A terrible decade for the Executive Branch in foreign relations cases before the Supreme Court?

That’s the conclusion of Ingrid Wuerth, writing at Lawfare. And she singles out Chief Justice Roberts as one of the main skeptics of an argument that I made with Cass Sunstein in 2007. We argued that courts should defer to the executive branch on issues touching on foreign relations, just as they do under Chevron and related doctrines in (domestic) administrative law cases. Our argument was normative, based on the executive’s responsibilities and expertise, but we argued that it was consistent with the cases (a widespread view at the time). Wuerth notes that over the last decade the Court  has discounted the executive’s views in numerous cases, including Kiobel, Morrison, Medellin, BG Group, and Zivitofsky, plus some early war-on-terror habeas cases.

All of this raises some interesting questions. One is whether the Court has in fact cut back on executive power or just hasn’t advanced it as much as the executive would like. A rule that the executive always wins is not the same as a rule of broad but not unlimited deference.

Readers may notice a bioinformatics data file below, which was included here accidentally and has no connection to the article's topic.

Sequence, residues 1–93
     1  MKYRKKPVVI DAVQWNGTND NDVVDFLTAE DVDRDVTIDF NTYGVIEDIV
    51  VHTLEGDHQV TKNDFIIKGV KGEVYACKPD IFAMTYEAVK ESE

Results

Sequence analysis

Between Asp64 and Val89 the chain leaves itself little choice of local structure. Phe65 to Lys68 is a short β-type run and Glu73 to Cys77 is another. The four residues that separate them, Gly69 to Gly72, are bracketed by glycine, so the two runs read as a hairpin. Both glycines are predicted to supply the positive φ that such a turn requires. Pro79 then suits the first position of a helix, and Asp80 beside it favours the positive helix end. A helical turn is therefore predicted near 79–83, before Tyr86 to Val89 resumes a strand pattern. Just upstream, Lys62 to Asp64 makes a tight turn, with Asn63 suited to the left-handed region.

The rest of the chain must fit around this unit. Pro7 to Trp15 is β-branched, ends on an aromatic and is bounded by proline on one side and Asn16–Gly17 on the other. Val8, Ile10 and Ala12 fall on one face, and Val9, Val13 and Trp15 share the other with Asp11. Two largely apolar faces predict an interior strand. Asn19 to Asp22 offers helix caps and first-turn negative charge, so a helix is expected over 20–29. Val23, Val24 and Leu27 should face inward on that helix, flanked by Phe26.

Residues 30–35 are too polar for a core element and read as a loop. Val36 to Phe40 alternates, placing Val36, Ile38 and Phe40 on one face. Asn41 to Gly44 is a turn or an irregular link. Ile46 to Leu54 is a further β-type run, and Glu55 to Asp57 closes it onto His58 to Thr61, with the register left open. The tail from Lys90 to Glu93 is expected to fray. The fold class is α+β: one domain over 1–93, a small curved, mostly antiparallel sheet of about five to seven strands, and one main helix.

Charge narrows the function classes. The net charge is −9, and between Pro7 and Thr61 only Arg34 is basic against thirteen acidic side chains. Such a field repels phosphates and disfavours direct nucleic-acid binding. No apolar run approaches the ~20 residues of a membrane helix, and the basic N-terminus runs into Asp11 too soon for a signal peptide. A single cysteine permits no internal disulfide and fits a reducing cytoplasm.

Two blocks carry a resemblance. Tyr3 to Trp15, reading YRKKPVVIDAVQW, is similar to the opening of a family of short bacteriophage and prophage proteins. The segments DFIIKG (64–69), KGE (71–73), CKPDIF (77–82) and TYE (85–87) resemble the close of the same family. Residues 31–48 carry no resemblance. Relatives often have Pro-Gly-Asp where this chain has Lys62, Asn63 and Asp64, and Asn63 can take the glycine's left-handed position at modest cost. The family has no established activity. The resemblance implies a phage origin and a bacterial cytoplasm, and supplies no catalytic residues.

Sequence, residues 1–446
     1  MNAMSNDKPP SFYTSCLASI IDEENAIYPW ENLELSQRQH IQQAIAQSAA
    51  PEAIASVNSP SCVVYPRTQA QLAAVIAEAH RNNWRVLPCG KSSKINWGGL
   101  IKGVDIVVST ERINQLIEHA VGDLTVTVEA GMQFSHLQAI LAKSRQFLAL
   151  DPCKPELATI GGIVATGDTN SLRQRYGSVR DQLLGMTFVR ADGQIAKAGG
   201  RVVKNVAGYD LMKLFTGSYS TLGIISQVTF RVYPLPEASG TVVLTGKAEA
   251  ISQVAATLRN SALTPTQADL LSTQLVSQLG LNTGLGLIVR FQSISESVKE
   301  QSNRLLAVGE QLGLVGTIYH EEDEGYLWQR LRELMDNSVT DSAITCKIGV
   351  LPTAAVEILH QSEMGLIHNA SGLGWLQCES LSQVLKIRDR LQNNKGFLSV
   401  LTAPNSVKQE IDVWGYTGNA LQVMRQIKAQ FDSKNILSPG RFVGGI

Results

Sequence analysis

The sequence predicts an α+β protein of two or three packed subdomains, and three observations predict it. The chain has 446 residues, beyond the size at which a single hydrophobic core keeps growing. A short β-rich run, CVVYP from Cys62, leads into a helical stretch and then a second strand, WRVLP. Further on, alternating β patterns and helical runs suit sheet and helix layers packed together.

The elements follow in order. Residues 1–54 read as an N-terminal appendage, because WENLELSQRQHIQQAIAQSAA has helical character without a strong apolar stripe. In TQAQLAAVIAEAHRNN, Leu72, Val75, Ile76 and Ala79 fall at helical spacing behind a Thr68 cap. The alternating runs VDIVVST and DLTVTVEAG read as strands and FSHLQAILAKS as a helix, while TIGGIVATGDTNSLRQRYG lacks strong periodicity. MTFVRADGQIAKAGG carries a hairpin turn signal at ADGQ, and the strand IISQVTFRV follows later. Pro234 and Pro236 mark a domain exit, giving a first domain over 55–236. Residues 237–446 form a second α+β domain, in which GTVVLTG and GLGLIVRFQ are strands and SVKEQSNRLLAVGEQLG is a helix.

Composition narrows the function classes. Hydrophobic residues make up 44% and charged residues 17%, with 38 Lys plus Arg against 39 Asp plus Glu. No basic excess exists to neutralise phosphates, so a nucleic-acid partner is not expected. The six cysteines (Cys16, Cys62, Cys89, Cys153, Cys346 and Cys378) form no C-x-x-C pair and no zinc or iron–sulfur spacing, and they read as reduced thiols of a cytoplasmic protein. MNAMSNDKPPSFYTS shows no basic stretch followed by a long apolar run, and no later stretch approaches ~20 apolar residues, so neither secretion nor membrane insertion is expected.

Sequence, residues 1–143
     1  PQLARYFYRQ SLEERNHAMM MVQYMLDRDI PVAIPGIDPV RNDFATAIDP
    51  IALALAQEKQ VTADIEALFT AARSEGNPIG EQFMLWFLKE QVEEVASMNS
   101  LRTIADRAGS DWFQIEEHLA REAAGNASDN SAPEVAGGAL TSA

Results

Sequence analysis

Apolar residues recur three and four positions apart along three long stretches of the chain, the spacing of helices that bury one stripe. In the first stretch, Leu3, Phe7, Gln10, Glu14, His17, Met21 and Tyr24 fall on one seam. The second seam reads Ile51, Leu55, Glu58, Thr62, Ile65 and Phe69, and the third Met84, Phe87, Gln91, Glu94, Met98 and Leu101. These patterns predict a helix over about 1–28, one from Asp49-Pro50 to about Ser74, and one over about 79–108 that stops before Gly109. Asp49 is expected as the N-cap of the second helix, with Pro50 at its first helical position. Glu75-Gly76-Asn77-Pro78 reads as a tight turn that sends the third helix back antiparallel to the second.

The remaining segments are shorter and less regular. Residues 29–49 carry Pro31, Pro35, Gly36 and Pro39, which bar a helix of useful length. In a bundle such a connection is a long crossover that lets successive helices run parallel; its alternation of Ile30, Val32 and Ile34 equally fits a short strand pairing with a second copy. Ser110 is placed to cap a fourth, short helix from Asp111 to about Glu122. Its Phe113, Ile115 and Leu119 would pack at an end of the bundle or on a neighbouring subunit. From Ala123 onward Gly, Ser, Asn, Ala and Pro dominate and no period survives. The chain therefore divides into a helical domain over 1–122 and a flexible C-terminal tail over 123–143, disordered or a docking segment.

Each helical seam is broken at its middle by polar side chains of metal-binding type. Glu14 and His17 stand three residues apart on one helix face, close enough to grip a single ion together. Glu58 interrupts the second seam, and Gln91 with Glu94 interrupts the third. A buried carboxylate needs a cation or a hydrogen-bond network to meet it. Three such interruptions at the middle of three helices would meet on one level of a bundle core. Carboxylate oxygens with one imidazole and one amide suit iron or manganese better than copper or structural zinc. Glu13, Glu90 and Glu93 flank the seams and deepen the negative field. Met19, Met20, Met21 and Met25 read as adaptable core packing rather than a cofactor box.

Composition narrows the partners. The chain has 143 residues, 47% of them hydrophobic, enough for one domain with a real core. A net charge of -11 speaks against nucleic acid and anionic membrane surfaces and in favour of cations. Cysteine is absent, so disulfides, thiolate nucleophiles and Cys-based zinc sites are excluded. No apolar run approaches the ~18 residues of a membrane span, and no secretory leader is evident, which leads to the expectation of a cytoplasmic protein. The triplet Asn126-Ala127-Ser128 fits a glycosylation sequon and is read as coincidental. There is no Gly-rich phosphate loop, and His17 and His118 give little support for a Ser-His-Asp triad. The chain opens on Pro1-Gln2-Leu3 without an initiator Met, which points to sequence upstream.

But assuming Wuerth is right, what’s the explanation? Some hypotheses:

1. The executive has lost prestige, thanks to its excesses against Al Qaeda, its failures in Afghanistan and Iraq, and perhaps even a perception that it has gone too far domestically.

2. The Court has gained confidence despite declining popularity, maybe because some aggressive decisions have not spurred pack-the-court style backlashes or because the executive and legislative branches are too divided to counter the Court.

3. The anti-executive tendency is the result of temporary partisan alignments. The Court was somewhat more liberal during the Bush administration and so perhaps uneasy with some of his policies; now right-wing justices are looking for ways to undermine Obama.

4. The justices share the public’s view that the U.S. should withdraw from many of its foreign commitments and turn inward. Weakening the executive is a step in that direction.

5. Originalism/formalism/textualism is in the air, and ( as scholars have long agreed) the modern system of executive power does not draw much support from the text of the Constitution or founding-era understandings.